A human problem
While explainable AI and feature attribution for neural nets are promising developments, eliminating bias in AI ultimately comes down to one thing: data. If the data an algorithm is trained on doesn’t fairly reflect the entire population that developers want to serve, bias is likely to occur. Where the training data reflects historical injustices or deeply ingrained inequalities, the algorithm will learn, and subsequently perpetuate or even amplify, those harmful patterns. And while GDPR and similar regulations put some controls on how organizations use data, they don’t do much to keep those same organizations from using already biased datasets.
Ultimately, it’s the responsibility of the organization that owns the data to collect, store, and use that data wisely and fairly. Algorithmic developments help, but the obligation to overcome bias lies with the designers and operators of these decision-making systems, not with the mathematical structures, software, or hardware. In this sense, reducing bias in machine-learning algorithms doesn’t just require advances in artificial intelligence — it also requires advances in our understanding of human diversity.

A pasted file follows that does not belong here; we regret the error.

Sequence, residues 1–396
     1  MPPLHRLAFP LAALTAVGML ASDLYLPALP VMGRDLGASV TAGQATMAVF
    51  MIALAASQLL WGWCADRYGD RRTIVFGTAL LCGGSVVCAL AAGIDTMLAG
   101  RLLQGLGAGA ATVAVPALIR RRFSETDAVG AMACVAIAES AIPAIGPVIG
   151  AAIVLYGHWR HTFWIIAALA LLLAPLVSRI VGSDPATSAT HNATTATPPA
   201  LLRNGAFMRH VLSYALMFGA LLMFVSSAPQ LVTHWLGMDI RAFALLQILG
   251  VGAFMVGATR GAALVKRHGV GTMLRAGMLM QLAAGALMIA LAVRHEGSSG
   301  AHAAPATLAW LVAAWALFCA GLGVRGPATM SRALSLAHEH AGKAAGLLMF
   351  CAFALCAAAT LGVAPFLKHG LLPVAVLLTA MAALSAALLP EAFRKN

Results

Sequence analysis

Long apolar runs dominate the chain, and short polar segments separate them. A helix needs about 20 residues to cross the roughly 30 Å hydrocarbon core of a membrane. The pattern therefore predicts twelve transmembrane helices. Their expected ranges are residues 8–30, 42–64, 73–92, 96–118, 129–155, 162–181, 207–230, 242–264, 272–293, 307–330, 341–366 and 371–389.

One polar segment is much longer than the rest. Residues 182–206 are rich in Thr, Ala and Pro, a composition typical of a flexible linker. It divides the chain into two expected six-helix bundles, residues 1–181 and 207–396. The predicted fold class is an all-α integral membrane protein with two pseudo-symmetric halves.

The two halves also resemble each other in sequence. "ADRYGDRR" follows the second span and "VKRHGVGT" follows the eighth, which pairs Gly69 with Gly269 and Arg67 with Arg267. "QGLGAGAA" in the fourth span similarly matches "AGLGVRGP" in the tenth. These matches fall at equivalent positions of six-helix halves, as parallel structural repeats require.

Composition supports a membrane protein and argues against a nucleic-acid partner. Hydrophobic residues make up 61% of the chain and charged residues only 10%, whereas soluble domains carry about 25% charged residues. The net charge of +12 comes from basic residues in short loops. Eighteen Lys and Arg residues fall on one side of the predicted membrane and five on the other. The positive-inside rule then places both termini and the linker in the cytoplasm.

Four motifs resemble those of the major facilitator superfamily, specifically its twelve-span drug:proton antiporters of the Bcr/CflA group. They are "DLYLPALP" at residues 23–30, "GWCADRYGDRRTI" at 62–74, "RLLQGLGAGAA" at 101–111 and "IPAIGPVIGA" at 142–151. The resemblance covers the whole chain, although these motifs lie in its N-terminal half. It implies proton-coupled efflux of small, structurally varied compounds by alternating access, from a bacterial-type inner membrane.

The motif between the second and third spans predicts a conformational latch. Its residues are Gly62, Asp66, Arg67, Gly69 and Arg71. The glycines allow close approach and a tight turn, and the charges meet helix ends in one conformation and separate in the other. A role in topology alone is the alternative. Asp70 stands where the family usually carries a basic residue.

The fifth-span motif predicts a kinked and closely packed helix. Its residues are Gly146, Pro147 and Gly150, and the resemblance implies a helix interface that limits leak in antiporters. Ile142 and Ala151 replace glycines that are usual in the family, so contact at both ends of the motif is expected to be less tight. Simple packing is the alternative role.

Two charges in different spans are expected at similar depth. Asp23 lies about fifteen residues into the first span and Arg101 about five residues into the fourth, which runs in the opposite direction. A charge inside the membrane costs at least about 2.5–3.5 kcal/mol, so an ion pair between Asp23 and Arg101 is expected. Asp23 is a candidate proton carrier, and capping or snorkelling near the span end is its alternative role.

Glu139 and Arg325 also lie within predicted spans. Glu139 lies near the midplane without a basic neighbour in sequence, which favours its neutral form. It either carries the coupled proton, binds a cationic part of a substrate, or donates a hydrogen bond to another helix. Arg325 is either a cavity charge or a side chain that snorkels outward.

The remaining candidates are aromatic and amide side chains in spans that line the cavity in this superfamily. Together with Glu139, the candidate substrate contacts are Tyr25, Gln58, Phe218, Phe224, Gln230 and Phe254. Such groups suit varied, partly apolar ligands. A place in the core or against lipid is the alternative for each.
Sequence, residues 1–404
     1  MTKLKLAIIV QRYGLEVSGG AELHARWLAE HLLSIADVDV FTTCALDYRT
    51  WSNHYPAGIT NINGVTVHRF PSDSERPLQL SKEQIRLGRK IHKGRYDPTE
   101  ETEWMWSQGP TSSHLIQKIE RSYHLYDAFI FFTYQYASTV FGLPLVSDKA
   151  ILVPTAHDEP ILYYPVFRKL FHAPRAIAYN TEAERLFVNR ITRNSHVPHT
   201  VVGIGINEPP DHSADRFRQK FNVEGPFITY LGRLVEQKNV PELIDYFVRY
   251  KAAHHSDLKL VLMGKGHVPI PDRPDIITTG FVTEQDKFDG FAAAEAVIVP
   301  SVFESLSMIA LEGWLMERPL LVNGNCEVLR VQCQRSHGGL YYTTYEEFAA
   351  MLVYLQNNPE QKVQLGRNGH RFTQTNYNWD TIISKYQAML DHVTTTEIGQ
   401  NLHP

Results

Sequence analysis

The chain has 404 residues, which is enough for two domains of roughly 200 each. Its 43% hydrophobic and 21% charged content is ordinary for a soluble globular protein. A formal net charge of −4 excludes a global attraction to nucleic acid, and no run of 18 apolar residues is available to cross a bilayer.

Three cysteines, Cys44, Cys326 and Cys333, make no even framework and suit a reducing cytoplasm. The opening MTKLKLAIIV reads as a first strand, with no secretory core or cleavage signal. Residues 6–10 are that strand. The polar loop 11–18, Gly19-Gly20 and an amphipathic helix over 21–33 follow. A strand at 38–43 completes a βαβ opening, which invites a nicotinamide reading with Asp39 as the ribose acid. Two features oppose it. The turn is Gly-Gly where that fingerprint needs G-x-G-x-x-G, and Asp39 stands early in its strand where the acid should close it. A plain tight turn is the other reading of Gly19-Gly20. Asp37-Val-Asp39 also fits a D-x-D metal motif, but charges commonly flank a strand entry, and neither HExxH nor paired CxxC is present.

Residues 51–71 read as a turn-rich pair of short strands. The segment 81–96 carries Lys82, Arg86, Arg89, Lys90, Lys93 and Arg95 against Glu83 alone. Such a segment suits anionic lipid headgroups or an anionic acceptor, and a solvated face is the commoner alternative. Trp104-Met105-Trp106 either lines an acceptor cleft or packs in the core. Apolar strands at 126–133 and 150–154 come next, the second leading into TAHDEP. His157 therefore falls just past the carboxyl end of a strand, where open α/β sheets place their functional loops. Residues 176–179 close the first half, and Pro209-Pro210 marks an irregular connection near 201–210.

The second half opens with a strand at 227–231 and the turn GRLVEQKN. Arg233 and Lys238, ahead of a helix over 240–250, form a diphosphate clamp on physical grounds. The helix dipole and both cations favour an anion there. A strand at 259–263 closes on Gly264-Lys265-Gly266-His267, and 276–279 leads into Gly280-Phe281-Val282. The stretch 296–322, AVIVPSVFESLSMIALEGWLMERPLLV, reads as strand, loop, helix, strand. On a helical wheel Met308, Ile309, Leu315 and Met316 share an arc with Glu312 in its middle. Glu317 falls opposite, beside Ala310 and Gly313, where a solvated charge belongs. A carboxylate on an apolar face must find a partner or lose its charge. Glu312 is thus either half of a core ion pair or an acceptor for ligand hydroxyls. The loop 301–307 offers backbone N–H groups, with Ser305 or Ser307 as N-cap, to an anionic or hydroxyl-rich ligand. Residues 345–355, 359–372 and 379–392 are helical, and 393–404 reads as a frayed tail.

“It is an incredibly hard problem,” acknowledged Gonzalez. “But by getting very smart people thinking about this problem and trying to codify a better approach or at least state what the approach is, I think that will help make progress.”
Those “very smart people” should not just be data scientists. In order to develop fair and accountable AI, technologists need the help of sociologists, psychologists, anthropologists, and other experts who can offer insight into the ways bias affects human lives — and what we can do to ensure that bias does not make ML-enabled systems harmful. Technology doesn’t solve social problems by itself. But by collaborating across disciplines, researchers and developers can take steps to create ML-enabled technology that contributes to a fairer society.
Damon Civin is principal data scientist on the strategy team at Arm, where he works to make the data streams from connected IoT devices useful to the world through machine learning.